WoodSense: Spotlight on beech

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This article is from Issue 33 of Woodcraft Magazine.

In early America, beech forests blanketed much of what is now Indiana, Kentucky, Ohio, and central Michigan. But because the beech tree (Fagus grandifolia) favors rich soil, it fell to the pioneer’s ax, beginning the land’s transformation from forest to farm. The beech rates as unusual among North American tree species in that there’s only one, unlike red oak with nearly a dozen kin. There are, however, nine more of the species around the world. For instance, European beech (Fagus sylvatica) ranks among the favored woods in France, Germany, and Great Britain. In China and Japan, Fagus crenata sees extensive use. 

    Woodworkers that know beech admire its durability, fine-textured straight and attractive grain, pliability, strength, and finishing ease. In the U.S., beech remains a commercially underutilized wood because without a prolonged drying process there’s considerable degrade due to its relatively high shrinkage rate. As a result, most of the annual cut goes to paper mills.

History in woodworking

Although English bodgers (chairmakers who use turned parts) took a liking to beech for Windsor chair legs, the wood was more often found on peasant feet as clogs. In Old-World kitchens beech appeared as bowls, ladles, and spoons because it imparts no taste or odor. This trait led to its popularity for cooperage and crates. Strong and shock resistant, beech also became tool handles and brush backs.

Today’s woodworker will find beech an attractive alternative for benchtops (see page 28), butcher block, and cutting boards, as well as cabinets, furniture (it easily steam-bends), and turnings. Although not as hard as maple, it will withstand abuse when employed as flooring. Because beech actually becomes more slippery from the burnishing by other wood rubbing against it, it’s ideal for drawer sides.

Where the wood comes from

The vast beech forests are no longer, yet the tree remains plentiful in its range, often growing in pure stands with specimens to 100' tall and diameters to 4'. You’ll find beech in the eastern third of the United States and adjacent Canadian provinces, with the greatest production from the central and Middle Atlantic States. Germany is a world source for European beech, as is China for the Asian variety.

What you’ll pay

You’ll have to shop specialty wood suppliers for beech. Expect to pay about $3.50 per board foot for Select & Better lumber. You may even find boards up to 12" wide, longer than 8', and in thicknesses up to 10/4 (21/2").

Many of the same specialty wood suppliers that sell beech lumber also may offer flat cut and quartersawn veneer for $3 to $4 per square foot (Woodcraft #131389, three square foot veneer pack; #404153, 4 × 8' flat cut; and #404154, 4 × 8' quartersawn). Beech ¾" plywood, at about $100 a sheet, might well be of European or Asian origin, but you’ll have difficulty seeing any difference between these and domestic beech.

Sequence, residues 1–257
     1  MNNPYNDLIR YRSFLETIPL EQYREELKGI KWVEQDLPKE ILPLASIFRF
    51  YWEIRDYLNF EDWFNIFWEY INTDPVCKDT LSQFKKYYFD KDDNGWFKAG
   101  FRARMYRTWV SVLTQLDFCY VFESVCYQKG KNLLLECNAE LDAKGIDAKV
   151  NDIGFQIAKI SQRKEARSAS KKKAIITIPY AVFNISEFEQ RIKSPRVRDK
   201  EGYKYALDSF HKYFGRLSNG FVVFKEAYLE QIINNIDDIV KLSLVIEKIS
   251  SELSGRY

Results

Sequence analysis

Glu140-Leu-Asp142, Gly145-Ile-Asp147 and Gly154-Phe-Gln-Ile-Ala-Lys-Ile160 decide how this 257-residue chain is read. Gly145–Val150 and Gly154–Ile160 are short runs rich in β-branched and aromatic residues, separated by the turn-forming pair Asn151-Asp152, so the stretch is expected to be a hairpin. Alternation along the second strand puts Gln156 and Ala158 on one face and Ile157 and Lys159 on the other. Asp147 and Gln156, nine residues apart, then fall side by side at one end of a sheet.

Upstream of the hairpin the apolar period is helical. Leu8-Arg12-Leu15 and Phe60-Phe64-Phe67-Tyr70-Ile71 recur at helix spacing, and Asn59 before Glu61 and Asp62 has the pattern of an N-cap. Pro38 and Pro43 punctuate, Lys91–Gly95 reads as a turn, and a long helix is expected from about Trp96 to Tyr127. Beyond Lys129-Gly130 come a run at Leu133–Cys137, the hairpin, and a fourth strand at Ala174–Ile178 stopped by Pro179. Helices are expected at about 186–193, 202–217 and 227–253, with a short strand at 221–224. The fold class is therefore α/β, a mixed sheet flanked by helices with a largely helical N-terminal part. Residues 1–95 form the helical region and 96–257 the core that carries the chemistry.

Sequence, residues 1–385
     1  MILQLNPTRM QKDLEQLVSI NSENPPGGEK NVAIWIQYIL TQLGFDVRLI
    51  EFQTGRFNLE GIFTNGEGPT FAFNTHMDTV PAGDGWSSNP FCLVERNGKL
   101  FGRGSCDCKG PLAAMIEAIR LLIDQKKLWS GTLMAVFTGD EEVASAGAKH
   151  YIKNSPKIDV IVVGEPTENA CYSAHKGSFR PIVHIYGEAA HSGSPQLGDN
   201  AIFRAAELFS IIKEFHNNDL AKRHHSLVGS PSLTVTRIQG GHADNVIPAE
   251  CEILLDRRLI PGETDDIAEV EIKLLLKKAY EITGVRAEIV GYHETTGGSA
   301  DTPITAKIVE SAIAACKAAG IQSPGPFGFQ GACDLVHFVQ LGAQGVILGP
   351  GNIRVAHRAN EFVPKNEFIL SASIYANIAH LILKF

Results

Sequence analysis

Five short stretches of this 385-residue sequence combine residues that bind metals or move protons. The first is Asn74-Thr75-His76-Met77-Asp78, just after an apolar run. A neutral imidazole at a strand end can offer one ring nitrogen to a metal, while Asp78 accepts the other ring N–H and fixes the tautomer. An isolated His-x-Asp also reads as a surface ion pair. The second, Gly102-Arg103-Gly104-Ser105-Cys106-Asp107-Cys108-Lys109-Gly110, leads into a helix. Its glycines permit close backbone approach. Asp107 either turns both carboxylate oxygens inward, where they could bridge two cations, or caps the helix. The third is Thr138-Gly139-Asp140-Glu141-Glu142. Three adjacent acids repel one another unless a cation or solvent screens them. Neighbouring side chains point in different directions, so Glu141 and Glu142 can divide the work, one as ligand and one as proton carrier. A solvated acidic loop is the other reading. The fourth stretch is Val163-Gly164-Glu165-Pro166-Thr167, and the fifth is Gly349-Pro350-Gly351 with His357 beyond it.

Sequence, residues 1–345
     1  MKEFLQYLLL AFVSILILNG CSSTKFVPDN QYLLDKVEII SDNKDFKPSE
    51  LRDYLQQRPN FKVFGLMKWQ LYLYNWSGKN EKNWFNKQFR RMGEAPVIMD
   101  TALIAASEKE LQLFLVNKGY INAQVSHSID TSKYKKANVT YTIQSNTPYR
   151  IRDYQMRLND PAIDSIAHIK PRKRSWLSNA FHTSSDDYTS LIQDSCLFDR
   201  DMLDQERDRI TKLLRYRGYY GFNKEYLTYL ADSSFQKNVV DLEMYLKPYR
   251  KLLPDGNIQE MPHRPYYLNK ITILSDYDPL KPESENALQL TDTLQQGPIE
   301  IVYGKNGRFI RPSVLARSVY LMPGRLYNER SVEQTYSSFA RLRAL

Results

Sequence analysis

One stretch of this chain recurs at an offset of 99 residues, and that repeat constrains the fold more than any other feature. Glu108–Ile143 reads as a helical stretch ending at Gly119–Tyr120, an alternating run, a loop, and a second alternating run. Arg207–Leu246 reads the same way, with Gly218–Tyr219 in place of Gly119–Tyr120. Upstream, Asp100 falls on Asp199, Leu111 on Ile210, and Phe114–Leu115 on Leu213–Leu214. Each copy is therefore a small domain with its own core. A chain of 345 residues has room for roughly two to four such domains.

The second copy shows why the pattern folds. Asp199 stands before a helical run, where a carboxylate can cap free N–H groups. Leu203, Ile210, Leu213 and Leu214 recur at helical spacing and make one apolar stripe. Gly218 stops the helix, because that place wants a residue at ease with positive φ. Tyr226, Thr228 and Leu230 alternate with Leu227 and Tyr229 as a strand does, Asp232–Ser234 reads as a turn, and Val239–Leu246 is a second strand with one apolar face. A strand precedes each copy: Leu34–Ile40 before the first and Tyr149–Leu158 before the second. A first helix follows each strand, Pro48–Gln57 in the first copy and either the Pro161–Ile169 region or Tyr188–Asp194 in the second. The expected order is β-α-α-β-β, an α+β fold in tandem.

Note: Imported “steamed beech” wood and veneer differ from unsteamed beech only in color. Steaming changes it from blonde/tan to an overall pinkish orange/tan.

How to select the best stock

Beech sapwood resembles hard maple, but a shade or two darker, while the heartwood can vary from pink to reddish brown. Quartersawn boards display a great ray fleck. You may also find some curly, lace, or mottle figure, especially with European beech. So, as with other hardwoods, try to select boards of similar appearance. And it’s important that you purchase only kiln-dried stock or you’ll battle warp and twist.

Working beech in the shop

Beech is a hard, heavy wood that’s more forgiving than hard maple regarding chipping and tear-out. However, it can burn if care isn’t taken. Carbide cutting edges help with its hardness, but the wood is workable for the skilled with sharp hand tools due to its straight, tight grain. The following tactics will ensure success.

• Ripping and routing. The wood’s density means ripping with a rip-profile or combo blade to reduce dust buildup and burning. Don’t feed the wood too fast and use a splitter to prevent binding. When routing, take shallow passes to avoid burning.

• Jointing. Beech’s grain is so even that direction may be hard to define in order to feed “downhill.” If you can’t determine it, set the table for a very light cut, then gradually increase the depth as needed if there’s no tear-out.

• Assembly. All adhesives work well with beech.

• Sanding. The wood’s straight, tight grain allows for easy sanding, yet its hardness means not skipping grits or you’ll leave tiny surface scratches.

Deciding on the right finish

Finishing beech is a woodworker’s dream because it takes all stain types equally well and won’t blotch like maple often does. The same holds true for finishes—they all work.

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